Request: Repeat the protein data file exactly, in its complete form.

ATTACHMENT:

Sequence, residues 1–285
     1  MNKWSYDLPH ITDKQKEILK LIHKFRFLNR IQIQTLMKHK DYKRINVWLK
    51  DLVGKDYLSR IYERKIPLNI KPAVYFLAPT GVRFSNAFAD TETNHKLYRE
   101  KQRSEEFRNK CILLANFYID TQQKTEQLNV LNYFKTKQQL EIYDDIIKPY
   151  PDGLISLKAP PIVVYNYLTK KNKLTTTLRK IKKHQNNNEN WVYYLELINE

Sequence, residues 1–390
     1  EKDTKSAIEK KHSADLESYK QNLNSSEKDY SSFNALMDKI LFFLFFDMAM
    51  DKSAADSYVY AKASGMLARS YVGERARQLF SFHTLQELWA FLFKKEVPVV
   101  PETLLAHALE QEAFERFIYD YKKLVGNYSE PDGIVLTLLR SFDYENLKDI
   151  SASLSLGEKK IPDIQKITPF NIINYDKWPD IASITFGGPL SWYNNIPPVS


Sequence, residues 1–285
     1  MNKWSYDLPH ITDKQKEILK LIHKFRFLNR IQIQTLMKHK DYKRINVWLK
    51  DLVGKDYLSR IYERKIPLNI KPAVYFLAPT GVRFSNAFAD TETNHKLYRE
   101  KQRSEEFRNK CILLANFYID TQQKTEQLNV LNYFKTKQQL EIYDDIIKPY
   151  PDGLISLKAP PIVVYNYLTK KNKLTTTLRK IKKHQNNNEN WVYYLELINE

Sequence, residues 1–390
     1  EKDTKSAIEK KHSADLESYK QNLNSSEKDY SSFNALMDKI LFFLFFDMAM
    51  DKSAADSYVY AKASGMLARS YVGERARQLF SFHTLQELWA FLFKKEVPVV
   101  PETLLAHALE QEAFERFIYD YKKLVGNYSE PDGIVLTLLR SFDYENLKDI
   151  SASLSLGEKK IPDIQKITPF NIINYDKWPD IASITFGGPL SWYNNIPPVS